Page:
1. That's a tough one. I had a really good college experience, all told. Some of my favorites: my largest theatrical role, supporting actor in a one-act play; pledging College Players; front row to see Third Day in Raley Chapel; my first kiss; filming my own "OBU experience" video (which I still have); Midnight Breakfast during Finals Week; hearing Marty sing "Round Here" at Oregano's.
2. It really depends on my mood. Most days, I have the morning news playing in the background, but when music is needed, I'll pop in something peppy. Nothing too loud (apartment life, what can I say), but upbeat. Beatles. Newsboys. Barenaked Ladies. TobyMac. It also depends on what artist/album I'm jonesing for at that particular time.
3. It's not "bad" if the girl makes the first move, I don't think. But speaking as a guy who doesn't like to stick his neck out, it's better if the guy does it. Passivity is not a good trait in guys, especially when it comes to dating. However, it's cool if the girl were to lay down some obvious hints (really obvious, please, ladies--we ARE that clueless), and then the guy gets a clue and steps up. I don't know. I'm traditional in that sense.

--"Casablanca" is easily the best movie ever made (and I loved Citizen Kane). What so many people forget is that the dialogue is so funny.
--I've been thinking about revisiting some classics like "Lord of the Flies." The last time I read it was in college, when I did a political analysis of it for Dr. Litherland's government class.
--"They Might Be Giants." Perfect. I'll seek this one out.

1. Good question! Here's the dilly-o: In terms of purely shallow, surface comparison, it'd be ScarlettJo in less than a heartbeat. I prefer curvy women. But then again, I have little to nothing in common with her in terms of ideology, philosophy, and personal beliefs. So, to crib the old saying, where would we build our nest? But since I don't know much about Keira's personality and so forth, I'll stick with Scarlett and just use earplugs.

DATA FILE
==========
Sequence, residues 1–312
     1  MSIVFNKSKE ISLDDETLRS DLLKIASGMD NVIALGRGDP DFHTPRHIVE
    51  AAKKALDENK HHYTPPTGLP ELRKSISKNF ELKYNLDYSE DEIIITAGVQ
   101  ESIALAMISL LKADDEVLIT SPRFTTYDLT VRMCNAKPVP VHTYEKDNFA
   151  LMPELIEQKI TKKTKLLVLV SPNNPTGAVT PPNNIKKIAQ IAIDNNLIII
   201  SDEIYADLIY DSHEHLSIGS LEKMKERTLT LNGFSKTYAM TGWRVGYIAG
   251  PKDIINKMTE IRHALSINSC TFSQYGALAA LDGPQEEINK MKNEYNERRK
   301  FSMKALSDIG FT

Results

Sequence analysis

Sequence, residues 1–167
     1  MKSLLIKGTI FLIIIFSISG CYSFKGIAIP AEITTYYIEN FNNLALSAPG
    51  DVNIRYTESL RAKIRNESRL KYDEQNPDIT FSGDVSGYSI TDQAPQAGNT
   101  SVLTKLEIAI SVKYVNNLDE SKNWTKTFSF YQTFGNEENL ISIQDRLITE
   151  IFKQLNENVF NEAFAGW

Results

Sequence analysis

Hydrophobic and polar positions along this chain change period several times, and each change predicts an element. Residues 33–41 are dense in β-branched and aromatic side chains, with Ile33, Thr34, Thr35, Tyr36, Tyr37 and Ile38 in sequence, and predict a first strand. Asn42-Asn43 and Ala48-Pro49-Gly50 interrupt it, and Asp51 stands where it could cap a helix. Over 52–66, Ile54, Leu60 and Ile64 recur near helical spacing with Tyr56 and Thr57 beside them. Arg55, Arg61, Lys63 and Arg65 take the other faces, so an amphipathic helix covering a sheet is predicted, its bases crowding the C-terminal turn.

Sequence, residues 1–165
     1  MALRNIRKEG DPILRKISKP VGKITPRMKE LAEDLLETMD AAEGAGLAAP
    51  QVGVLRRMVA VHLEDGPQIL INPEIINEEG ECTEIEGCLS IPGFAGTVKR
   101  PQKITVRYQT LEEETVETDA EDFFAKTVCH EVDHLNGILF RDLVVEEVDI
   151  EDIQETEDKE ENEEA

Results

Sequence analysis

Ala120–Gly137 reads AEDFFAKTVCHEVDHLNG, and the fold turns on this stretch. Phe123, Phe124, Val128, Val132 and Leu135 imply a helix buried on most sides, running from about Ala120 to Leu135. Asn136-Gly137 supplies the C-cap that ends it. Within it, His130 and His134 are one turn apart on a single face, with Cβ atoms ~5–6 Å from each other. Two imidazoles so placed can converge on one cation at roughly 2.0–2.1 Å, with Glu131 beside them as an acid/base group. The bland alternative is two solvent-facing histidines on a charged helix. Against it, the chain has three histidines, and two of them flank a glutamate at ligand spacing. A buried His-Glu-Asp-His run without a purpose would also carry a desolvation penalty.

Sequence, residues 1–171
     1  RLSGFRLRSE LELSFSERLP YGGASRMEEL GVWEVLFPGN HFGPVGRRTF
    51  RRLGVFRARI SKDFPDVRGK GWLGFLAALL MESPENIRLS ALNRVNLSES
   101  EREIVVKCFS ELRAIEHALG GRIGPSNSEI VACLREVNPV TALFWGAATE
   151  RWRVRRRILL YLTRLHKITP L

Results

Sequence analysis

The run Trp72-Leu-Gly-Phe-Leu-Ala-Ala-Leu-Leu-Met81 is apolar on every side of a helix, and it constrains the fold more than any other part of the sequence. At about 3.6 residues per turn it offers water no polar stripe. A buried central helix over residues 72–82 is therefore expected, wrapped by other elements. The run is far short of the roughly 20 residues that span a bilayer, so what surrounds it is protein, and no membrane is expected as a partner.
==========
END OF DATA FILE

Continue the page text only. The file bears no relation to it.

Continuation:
2. During a week like this one, I would totally pick nap. I actually haven't been playing video games very often at all, in the past month. That will probably change in the next few weeks, as baseball starts back up. I'll dust off the ol' MLB06 and see if at least ONE Cubs team can have a winning season.
3. London. Better things to do. Plus, the language thing. I like Rome quite a bit, and the historical spots around the city are rad. But I'd die in a traffic accident within a week there. And honestly, I don't mind rain, and like overcast days, so London would be a fit for me. I don't know if I'd live there forever (socialized medicine SUCKS), but I would love to visit again.

--I read the book "Children of Men," which was wonderful. I've heard that the storyline was changed vastly for the film, so I'm actually a little hesitant to see it. But I heard it was good.
--Looks like an interesting read.
--Will check it out.

1. Blog motivation? Narcissism. Okay, maybe not TOTALLY, but at least partly. No, the thing is, I need to communicate to somebody. As it happens, I love writing, and every once in a while I write something worth reading. But really, what blogging is for me is a way to connect with people. Those comments are so important to me. It's pathetic, but it's a form of validation for me. I have a need to be listened to, to feel that someone cares about what I think. Some people blog privately, as a way of just getting their thoughts out. That's not me at all. If you all stopped reading, I would probably stop blogging. So, in other words, it's your fault for being so nice; you're only encouraging me.
2. I suppose. Here, I'll hit the 2007 highlights for you: Reading List--Slackie Awards--"I hate that I care about stupid things so much"--Biggest Loser audition--NewGirl pops up again (and just got married! boo!)--iPod shuffleblogging--"Exxon profits are okay by me"--Killer Shrew!--mental weeds--Jack Bauer saved the day, but Aquaman died--an actually "happy" Valentine's--liveblogging "November Rain"--Ash Wednesday--a brief comeback for EmoDave--Reader Quiz!
3. I don't know if I've had a "near death experience," but I've had a couple of close calls in the car that gave me a scare. One time was on the way home from Shawnee to Houston, I was going to fast as I approached the exit lane to get onto 35 South. The lane was only about 14 feet anyway, but I was going too fast, and went up and over the curb between the mainlanes and the turnoff. Thankfully, instead of the normal drop-off that most highways have, there was a gently declining slope of grass, and I rolled to a stop in this grassy triangle between the off-ramp, the main lanes, and the upcoming on-ramp. Got my attention, and elicited a whispered prayer of thanks.

Chris Jones: